Loving God and others as yourself
    Find little ways where only you can help
    With His great love
    A tiny rock can make a giant fall
    So dream small
    Keep loving, keep serving
    Keep listening, keep learning
    Keep praying, keep hoping
    Keep seeking, keep searching
    Out of these small things and watch them grow bigger
    The God who does all things makes oceans from river
    So dream small
    Don’t bother like you’ve gotta do it all
    Just let Jesus use you where you are
    One day at a time
    Live well
    Loving God and others as yourself
    Find little ways where only you can help
    With His great love
    A tiny rock can make a giant fall
    Yeah, five loaves and two fishes could feed them all
    So dream small
    Dream small

     

    * She’s working in Copenhagen.  Now you can get some sleep.
  • Faith

    Movie Review: Mary Magdalene (2018)

    When you hear the name Jesus, many non-Christians – and heck, many Christians – conjure up an image a bit like this:

    Image credit

     

    We know from scripture that Jesus was kind and compassionate, and didn’t shoo noisy children away.  But the historical Jesus was also a troublesome rebel who went around saying seditious and (for the time) totally outrageous things, and was ultimately killed for it.

    This Jesus, not twee Jesus, is the Jesus we encounter in Mary Magdalene.  Told entirely from Mary’s perspective, we learn what Mary gave up to be a follower of Jesus, and the story shows some of Jesus’ ministry, his death, and resurrection.  Taking liberties with her background (we know nothing of Mary’s antecedents), Mary (played by Rooney Mara) lives in the small fishing settlement of Magdala, where she lives a simple life with her family.  As an unmarried woman, she is an object of curiosity and embarrassment for her family who are doing their best to marry her off.  Mary yearns for something more than the traditional role her culture demands, and becomes very distressed when told she must marry.  Her distress convinces the men in her village that she must be possessed by a demon, and they attempt to cast it out of her.

    Into this situation comes Jesus, and he SEES Mary, really sees her.  He speaks to her and his words bring her great comfort.  This in itself is extraordinary, if you know that in this culture and time, men were not permitted to even greet women in public.  Jesus has an extraordinary attitude to women – he never treats women as inferior, unclean or unworthy, unlike the patriarchal society in which he lives.  Not only did historical Jesus teach women, he had female disciples who travelled and served with him, and who were highly regarded by early Christians.

    Jesus (played by Joaquin Phoenix) describes a kingdom where peace and justice reign, a topsy-turvey world where the lowly are lifted up and an end to oppression.  Mary is so captivated by Jesus’ message that she gives up everything to follow him.  In becoming a disciple, Mary not only gives up her home, but she gives up her reputation and chance of marriage – for no man would ever be permitted to marry an unmarried woman who associates with men outside her family.  The Mary Magdalene of scripture is Jesus’ most prominent female disciple; she is always listed first in named groups of female disciples, and with ‘movie Mary’ they explore just how important she must have been to Jesus’ ministry in such a patriarchal society.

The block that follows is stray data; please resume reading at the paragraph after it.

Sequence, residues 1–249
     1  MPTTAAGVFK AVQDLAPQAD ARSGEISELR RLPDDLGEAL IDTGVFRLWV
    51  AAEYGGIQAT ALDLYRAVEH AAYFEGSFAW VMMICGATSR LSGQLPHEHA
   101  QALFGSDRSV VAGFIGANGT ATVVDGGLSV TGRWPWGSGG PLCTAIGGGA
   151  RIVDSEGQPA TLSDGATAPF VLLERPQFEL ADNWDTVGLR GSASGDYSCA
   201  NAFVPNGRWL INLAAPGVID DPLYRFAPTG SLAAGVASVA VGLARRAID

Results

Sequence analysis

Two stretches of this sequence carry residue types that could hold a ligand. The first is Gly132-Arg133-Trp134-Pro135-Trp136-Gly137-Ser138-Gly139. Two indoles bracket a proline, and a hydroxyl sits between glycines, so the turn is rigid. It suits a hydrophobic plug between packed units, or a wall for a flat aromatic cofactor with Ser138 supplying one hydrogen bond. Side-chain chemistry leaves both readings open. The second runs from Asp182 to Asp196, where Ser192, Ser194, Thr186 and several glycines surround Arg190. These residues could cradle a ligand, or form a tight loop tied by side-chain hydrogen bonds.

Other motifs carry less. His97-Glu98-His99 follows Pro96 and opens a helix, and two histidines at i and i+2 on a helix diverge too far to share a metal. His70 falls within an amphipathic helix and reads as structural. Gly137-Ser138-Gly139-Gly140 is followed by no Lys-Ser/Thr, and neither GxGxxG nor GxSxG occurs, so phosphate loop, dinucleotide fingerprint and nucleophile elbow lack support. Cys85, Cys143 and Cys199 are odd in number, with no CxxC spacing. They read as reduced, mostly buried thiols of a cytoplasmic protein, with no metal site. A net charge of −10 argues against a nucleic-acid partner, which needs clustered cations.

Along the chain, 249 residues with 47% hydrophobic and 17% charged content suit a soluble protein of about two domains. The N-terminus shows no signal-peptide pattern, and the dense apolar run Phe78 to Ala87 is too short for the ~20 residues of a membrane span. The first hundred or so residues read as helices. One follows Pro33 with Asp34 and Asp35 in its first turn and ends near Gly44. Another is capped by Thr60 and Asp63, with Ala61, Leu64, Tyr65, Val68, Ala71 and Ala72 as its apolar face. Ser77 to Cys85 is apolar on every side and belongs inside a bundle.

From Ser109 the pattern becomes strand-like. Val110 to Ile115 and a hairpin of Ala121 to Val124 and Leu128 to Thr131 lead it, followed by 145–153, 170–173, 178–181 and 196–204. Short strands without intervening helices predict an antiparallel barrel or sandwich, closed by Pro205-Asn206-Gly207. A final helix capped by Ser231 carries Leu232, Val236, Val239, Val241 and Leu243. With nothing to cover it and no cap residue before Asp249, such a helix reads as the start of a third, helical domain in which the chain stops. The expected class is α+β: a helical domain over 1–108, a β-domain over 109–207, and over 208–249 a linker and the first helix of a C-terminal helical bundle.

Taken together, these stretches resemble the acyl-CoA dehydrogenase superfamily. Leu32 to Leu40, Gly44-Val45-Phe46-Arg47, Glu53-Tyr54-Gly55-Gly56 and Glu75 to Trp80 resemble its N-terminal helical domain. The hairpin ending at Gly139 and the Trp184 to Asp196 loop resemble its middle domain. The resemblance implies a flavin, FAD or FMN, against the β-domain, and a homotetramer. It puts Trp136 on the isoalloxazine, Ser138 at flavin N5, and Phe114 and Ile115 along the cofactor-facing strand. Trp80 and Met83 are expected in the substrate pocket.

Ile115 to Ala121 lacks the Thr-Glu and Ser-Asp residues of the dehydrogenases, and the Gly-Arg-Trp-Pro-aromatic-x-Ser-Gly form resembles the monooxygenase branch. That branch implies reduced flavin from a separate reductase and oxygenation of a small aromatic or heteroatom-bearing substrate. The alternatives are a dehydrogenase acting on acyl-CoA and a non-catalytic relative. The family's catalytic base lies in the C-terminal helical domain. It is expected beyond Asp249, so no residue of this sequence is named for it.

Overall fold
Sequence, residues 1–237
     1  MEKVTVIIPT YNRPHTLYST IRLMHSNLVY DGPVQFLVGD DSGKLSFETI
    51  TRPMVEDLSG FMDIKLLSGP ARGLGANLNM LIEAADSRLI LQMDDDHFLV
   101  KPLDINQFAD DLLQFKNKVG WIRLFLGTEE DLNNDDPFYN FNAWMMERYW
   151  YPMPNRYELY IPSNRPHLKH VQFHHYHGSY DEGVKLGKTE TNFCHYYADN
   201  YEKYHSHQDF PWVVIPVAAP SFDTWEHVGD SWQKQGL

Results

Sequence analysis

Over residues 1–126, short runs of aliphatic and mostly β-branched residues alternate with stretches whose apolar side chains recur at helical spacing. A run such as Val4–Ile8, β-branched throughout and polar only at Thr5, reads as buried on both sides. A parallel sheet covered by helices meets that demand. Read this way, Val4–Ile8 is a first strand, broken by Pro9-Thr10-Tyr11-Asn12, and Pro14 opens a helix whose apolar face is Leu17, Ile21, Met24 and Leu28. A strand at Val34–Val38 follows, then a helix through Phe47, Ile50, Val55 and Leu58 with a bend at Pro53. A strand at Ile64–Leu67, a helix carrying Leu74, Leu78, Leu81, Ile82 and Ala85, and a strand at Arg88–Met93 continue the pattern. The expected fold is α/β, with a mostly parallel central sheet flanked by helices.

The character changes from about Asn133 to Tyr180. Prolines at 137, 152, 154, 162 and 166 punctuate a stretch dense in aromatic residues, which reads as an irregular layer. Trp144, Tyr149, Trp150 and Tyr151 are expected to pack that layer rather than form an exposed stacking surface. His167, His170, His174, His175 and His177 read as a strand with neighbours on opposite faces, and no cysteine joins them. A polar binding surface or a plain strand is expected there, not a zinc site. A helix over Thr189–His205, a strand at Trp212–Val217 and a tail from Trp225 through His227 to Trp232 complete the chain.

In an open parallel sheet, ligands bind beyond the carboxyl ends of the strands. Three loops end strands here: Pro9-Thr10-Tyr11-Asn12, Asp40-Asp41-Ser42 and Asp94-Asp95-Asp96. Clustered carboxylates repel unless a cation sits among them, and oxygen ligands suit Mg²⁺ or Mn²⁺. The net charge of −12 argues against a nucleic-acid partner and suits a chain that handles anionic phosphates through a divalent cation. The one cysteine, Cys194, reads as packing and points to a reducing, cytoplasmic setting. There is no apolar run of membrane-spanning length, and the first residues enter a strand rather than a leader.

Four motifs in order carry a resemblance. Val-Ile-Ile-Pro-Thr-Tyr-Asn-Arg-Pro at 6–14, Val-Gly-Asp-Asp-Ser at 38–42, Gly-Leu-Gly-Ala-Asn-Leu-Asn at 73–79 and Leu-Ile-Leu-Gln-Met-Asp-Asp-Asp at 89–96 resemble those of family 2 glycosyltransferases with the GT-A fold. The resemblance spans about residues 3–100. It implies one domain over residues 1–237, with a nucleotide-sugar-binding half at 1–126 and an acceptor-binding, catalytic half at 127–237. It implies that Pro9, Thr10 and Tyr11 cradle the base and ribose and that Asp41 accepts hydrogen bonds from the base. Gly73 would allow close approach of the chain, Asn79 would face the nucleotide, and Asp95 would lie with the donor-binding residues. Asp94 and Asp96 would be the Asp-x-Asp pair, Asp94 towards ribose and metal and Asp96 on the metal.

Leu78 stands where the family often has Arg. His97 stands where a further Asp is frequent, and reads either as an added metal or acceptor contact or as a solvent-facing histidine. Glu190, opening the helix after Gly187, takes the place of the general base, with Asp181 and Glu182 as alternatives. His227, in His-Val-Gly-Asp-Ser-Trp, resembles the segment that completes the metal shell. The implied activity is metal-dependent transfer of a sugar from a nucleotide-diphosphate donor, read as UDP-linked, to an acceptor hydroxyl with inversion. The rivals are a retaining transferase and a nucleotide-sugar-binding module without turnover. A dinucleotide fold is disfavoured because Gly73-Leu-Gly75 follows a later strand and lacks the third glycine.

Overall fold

I was very moved by this film.  Firstly, I’m stoked that Mary Magdalene has been so accurately portrayed.  She’s long been a subject of fascination and respect for me.   Thanks to Pope Gregory who wrongly identified Mary as the prostitute who washes Jesus feet with expensive perfume (and merges her further with yet another Mary) Mary has been wrongly associated with prostitution, seduction and sinfulness.  The dichotomy of the Virgin Mary vs the Penitent Whore served to oppress women for centuries – women were either expected to be good, dutiful wives and mothers, and those that weren’t were often considered mad or bad and in need of repenting.  Don’t get me started.  Scholars surmise Pope Gregory wanted to downplay the importance of women in the early church, because, you know, patriarchy.  There is absolutely no evidence that Mary was anything but a devoted disciple, who was so important, that she was the first person to see the resurrected Jesus.  To see the society in which Mary lived, and to understand the courage it must have taken for her to follow Jesus makes this film inspiring viewing.

    FYI, not Mary Magdalene
    (image credit)

    Secondly, it was great to see historical, rebel Jesus doing his stuff.  Giving poor and oppressed people hope, smashing the patriarchy, performing miracles, and to get a sense of how much the disciples were waiting for Jesus to smite the Romans, and usher in his new kingdom.  Thirdly, I thought their treatment of Judas was sensitive and thought-provoking, and it made me understand what may have motivated him to betray Jesus in a whole new light.

    Jesus and Judas
    (image credit)

    I do have my criticisms of the movie, however.  The actors playing Mary, Jesus, and Jesus’ mother are way too old, and white.  They play their parts well, but it still bugs me.  Joaquin Phoenix is 43, and looks every bit of it.  The actress playing his mother is positively geriatric for someone who should be in her 40s, given that many women were married by 14.  Blue eyes are everywhere.  There’s also lots of inexplicable lying down, and Jesus swoons rather a lot.  While I think Joaquin Phoenix does a good job as Jesus, he is let down by a script that offers a Jesus who smiles and gives compassionate looks, rather than life-changing teaching.  I found the depiction of the Last Supper and Jesus’ resurrection rather flat and disappointing.

    Despite its shortcomings, I  recommend seeing Mary Magdalene to learn more about this remarkable woman.  It is beautifully shot, with great attention to detail, and is reasonably faithful to scripture, although some liberties are taken.

     

    Lastly, I would like to say I’ve seen some Christians raging online, and telling people not see the movie because the movie-writers also used the Gnostic gospel of Mary to inform the movie.  Yes, there is something from the Gospel of Mary included in the movie, but hey, let’s think for ourselves, okay?